* Problem – adding categories to the list
* One initiative to come out of this session – 3 x action, and initiative on a broader level
* One of the effects of climate change on the coast will be population influx to the Tablelands – action would be to prepare for the future – more sustainable town planning and development
* Flow on from industrialization – population flow from country to city – a reverse expectation from cities to country
* Retention and care of TSRs – veg is being lost very quickly, migration of weeds, rapid decline of veg, mismanagement? Not RLPBs fault

Detailed Actions:

  • A strategy to revegetate the New England integrating production, native vegetation and food production
  • Retention of TSRs and care of TSRs
  • Establish long term commitment for sustainability amongst the broader community
  • Support for alternative energy locally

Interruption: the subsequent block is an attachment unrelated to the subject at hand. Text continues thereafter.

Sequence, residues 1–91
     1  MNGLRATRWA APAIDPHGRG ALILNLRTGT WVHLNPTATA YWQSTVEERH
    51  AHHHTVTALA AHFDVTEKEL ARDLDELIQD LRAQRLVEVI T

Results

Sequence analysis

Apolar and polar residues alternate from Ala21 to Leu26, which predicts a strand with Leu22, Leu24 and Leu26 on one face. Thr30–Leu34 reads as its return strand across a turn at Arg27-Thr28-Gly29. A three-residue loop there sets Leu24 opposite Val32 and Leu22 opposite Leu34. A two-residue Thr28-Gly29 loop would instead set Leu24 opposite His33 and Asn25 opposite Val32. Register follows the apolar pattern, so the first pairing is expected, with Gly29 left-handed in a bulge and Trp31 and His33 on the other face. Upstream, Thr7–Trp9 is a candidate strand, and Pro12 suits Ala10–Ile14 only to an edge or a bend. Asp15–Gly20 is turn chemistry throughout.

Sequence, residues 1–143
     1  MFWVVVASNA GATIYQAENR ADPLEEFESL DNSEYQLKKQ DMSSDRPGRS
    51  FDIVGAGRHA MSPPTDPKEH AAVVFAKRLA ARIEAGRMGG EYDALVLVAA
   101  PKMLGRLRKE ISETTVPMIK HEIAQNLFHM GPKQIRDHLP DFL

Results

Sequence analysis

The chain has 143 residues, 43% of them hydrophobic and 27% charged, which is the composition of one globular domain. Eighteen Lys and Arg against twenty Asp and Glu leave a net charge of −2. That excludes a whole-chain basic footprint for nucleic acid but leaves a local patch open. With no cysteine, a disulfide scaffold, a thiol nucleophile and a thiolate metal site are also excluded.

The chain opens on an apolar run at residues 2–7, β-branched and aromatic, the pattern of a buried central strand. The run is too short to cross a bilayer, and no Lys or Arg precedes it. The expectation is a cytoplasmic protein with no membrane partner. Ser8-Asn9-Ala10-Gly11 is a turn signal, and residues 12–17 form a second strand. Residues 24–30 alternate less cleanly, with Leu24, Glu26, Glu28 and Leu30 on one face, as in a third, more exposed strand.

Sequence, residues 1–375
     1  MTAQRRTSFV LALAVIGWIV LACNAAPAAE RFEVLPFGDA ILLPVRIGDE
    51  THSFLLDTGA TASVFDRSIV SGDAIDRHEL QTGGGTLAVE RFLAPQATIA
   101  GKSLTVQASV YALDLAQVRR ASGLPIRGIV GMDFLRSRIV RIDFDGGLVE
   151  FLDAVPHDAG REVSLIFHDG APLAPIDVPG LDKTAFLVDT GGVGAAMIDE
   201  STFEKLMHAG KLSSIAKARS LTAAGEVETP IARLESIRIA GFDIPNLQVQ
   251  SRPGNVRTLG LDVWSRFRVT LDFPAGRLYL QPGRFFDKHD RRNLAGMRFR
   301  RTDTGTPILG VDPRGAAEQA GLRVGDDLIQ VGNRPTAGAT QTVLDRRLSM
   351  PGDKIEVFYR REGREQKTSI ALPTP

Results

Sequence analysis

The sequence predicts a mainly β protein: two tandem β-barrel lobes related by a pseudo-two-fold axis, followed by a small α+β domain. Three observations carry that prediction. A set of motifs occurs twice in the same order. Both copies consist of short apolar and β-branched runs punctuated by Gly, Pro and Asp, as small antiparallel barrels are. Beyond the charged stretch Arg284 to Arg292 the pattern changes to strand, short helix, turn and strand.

• More influence on policy
  • Local support for organic food markets
  • Have NESAC strategy for climate change adaptation and mitigation
  • Support local farmers markets and network
  • Encourage involvement in orgs like landcare
  • Publicize positives
  • Enc ourage sustainable grazing management and land use practice
  • Sustainable town planning and built environment

*Economics/Business*
Priorities for Regional Action:

  1. Diversification of Industry (value adding, business attraction)
  2. Long term local based policy (informed)
  3. New England to become a Showcase for 'Regenerative' sustainability (agriculture, natural resource management, lifestyle, etc)

*Social*
Developing Social Capacity

  • Defining range of social norms
  • Community enforcing these social norms
  • Participatory Decision Making through various forms of community avenues - Rotary, Council, Volunteer Groups, Social Services, NGOs, GPs, SNELCC, Schools, etc
  • Utilising all forms of media
  • "Road Map" => Information => Consult => Feedback => Action

*Governance*
Core Principles:

  1. Accountability for all Finances (NECU Community Foundation or Cooperative)
  2. NESSiE Convenors continue as focus groups to get together key stakeholders, fundraise, project manage and fine tune the Strategy
  3. Knowledge/Information is open-source, web-based, "creative commons" (Ideally need one day a week editing)
  4. New England Sustainability Strategy is developed for key regional stakeholders (cultural groups, CMA, NESAC, Landcare, Industry, UNE, Schools, etc)